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Barbara Parker, New Springmoor Resident, Shares Downsizing Strategies that Facilitated the Transition to Retirement Living

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After being on our waitlist for more than two years, Barbara Parker and her husband George became members of the Springmoor community in January of 2020. They used a variety of strategies to gradually pare down their belongings before their move and were happy to share their experiences in the hope of helping others.

“The most challenging aspect of making the transition to retirement living was downsizing,” says Barbara. “We had lived in the same house in the North Hills area of Raleigh for 52 years and had accumulated a fair amount of stuff. It takes time to figure out what not to bring with you and what to do with it.”

The Parkers’ house sold in less than a week; fortunately, they had begun downsizing far in advance. Barbara recommends that you start the process by calculating how many square feet of space you will have once you move to a retirement community and what percentage of your current stuff will fit.

Living Large in a Smaller Space

“We knew our space—thus our possessions—would be reduced in half after we moved,” says Barbara, “so I made a list of the furniture, tables, lamps, and rugs in each room of our house.  My husband and I went through each room and checked off which items we each wanted to take. To my surprise, we agreed on almost everything, and this aspect was easier than we anticipated.”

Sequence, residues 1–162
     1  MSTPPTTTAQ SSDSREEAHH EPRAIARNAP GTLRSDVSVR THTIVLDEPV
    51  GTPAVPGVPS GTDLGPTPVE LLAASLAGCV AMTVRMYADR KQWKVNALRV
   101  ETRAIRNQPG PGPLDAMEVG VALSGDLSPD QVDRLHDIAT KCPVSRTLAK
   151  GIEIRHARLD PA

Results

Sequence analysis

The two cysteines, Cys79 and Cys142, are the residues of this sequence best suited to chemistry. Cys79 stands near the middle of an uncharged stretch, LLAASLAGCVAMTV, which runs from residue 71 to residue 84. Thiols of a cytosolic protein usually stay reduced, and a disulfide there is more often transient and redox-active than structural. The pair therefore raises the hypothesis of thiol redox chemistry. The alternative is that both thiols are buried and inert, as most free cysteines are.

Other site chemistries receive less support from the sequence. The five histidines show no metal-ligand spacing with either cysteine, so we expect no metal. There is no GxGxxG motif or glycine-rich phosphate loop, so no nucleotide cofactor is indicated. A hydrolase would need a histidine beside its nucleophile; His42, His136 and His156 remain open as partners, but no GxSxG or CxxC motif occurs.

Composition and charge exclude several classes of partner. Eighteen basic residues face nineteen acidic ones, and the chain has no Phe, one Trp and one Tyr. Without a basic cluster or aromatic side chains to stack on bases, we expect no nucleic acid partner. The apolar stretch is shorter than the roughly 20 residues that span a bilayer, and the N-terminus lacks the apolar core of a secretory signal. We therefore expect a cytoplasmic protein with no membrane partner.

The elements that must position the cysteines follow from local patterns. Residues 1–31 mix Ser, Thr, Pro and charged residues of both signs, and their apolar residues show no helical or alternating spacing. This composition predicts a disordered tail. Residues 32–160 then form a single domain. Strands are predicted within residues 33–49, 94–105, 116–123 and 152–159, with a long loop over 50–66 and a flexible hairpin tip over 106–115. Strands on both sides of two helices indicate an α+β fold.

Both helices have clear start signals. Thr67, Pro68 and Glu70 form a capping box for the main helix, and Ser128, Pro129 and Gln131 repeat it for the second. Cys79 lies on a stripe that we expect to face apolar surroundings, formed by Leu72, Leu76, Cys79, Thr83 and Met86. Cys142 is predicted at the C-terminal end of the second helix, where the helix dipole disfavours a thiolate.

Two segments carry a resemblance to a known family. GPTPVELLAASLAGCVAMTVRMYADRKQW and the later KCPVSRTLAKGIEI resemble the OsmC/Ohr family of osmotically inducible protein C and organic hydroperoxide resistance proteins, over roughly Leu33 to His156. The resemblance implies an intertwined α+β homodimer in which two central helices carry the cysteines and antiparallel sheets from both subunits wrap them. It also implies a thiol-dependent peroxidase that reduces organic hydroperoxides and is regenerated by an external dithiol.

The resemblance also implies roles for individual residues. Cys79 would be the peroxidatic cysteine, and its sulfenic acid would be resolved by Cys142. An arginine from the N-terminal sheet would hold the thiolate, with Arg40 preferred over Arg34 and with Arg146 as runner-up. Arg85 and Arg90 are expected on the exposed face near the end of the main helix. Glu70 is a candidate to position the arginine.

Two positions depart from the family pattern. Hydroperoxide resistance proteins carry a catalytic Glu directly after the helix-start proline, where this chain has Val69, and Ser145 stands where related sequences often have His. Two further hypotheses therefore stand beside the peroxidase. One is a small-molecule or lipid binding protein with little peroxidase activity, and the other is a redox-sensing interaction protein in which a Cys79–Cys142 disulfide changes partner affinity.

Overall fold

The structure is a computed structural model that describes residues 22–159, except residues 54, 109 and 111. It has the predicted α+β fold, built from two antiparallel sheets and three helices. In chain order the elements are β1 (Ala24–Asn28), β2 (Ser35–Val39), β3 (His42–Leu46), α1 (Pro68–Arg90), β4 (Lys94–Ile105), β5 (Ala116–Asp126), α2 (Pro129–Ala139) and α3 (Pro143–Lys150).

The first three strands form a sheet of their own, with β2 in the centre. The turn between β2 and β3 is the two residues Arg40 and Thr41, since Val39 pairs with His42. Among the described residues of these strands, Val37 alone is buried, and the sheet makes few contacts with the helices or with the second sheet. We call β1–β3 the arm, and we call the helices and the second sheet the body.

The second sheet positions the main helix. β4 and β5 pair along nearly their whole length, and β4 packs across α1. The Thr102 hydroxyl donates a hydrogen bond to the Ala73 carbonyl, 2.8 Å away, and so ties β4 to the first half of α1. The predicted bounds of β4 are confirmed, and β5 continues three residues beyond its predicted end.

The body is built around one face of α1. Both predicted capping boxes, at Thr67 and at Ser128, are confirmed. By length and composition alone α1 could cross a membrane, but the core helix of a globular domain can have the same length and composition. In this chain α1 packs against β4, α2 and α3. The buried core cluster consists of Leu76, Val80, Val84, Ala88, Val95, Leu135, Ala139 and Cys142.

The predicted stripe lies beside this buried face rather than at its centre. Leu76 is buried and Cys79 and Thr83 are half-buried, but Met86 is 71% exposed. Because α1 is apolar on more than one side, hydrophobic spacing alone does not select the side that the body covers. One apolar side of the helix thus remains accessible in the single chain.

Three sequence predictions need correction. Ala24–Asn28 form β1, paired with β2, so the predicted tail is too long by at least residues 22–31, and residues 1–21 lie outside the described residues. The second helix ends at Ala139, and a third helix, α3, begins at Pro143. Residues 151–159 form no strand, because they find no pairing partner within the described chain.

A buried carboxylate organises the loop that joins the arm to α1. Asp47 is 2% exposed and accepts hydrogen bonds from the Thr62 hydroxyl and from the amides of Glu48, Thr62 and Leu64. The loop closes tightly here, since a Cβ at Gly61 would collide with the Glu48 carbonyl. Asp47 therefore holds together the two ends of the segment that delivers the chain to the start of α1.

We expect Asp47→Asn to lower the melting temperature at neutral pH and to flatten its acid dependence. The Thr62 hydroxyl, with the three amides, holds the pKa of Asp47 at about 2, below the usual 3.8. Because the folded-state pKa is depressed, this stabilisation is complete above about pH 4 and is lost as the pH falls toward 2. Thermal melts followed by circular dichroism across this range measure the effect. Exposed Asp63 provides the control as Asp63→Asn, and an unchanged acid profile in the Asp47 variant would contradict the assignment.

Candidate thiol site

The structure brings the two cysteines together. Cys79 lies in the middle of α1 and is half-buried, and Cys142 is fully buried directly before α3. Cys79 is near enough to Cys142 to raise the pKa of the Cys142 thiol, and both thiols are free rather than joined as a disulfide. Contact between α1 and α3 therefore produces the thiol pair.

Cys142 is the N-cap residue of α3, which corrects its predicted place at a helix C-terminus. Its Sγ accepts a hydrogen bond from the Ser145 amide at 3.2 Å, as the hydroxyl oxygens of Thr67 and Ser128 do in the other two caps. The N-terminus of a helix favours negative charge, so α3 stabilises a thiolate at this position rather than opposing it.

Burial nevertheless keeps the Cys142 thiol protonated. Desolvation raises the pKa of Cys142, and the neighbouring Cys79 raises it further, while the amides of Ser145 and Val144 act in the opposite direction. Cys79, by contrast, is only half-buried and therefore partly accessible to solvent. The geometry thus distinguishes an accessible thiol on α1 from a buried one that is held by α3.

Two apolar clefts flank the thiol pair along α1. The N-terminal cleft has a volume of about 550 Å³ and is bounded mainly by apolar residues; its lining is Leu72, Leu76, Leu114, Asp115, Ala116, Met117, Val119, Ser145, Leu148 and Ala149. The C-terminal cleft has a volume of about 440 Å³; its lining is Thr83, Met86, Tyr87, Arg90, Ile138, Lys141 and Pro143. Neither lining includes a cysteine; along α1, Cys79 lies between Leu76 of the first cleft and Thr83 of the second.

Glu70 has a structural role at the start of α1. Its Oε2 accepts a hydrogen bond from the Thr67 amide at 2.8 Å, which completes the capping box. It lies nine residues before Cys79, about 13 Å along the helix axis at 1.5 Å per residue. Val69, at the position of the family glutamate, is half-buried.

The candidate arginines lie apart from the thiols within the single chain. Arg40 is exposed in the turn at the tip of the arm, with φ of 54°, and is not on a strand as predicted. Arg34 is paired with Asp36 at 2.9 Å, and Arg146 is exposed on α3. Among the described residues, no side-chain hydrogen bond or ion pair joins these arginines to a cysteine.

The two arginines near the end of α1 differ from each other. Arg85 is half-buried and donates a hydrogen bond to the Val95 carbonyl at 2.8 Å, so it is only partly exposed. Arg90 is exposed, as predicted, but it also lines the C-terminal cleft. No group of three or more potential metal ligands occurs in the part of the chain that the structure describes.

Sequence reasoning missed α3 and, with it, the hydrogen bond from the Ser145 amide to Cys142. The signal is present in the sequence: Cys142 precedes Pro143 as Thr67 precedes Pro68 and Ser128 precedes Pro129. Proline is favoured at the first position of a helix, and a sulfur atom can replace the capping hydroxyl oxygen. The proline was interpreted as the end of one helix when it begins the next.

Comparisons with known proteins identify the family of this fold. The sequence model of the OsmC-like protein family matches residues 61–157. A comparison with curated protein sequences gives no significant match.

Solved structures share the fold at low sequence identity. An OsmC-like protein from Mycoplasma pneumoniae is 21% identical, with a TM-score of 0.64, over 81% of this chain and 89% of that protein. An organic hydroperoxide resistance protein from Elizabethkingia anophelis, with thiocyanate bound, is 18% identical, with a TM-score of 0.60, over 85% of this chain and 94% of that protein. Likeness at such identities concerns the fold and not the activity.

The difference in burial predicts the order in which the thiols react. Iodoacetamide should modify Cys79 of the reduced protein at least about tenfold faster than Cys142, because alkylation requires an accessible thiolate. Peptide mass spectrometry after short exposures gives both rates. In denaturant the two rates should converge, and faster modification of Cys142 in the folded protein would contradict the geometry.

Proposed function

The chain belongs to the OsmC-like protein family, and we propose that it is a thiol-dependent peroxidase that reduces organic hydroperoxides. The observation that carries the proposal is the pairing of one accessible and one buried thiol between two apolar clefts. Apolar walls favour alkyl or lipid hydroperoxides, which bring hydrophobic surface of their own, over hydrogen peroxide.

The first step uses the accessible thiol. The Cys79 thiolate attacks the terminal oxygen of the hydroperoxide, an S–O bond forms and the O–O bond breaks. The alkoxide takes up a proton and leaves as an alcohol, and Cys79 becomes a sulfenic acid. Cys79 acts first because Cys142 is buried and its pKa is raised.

The voluminous other stuff in the house was much trickier, however, and the couple benefited from a variety of tactics. One was choosing a specific timeframe (for the Parkers it was Lent) and selecting just one item per day to set aside to be donated. “George and I agreed that we felt much ‘freer’ after this experience,” Barbara says.

Another method for decluttering in advance of your move that Barbara mentions is focusing on a small area such as the coat closet. Set a timer for the amount of time that feels right to you and sort the items in this limited space into categories like trash, recycle, donate, and keep.

Less Is More

For clothes, Barbara suggests hanging all items with the hangers facing backward. As you use them, return them to your closet with the hangers facing forward. After a pre-determined time period, pass on all the clothes with hangers still facing backward to a charity.

When evaluating the contents of your closet, it’s also helpful to give some thought to how you prefer to dress at your current stage of life. Barbara says, “After I retired, I didn’t need all the ‘business casual’ outfits in my closet.” She recommends keeping only a few things that you don’t wear regularly, such as clothes for special occasions like weddings and an item or two with sentimental value.

Many of us have collected shelves of books over the years. Books are heavy to transport, require significant space to store, and are generally readily available in the library if you want to re-read them. Barbara found, however, that George could identify very few he wanted to cull when asked.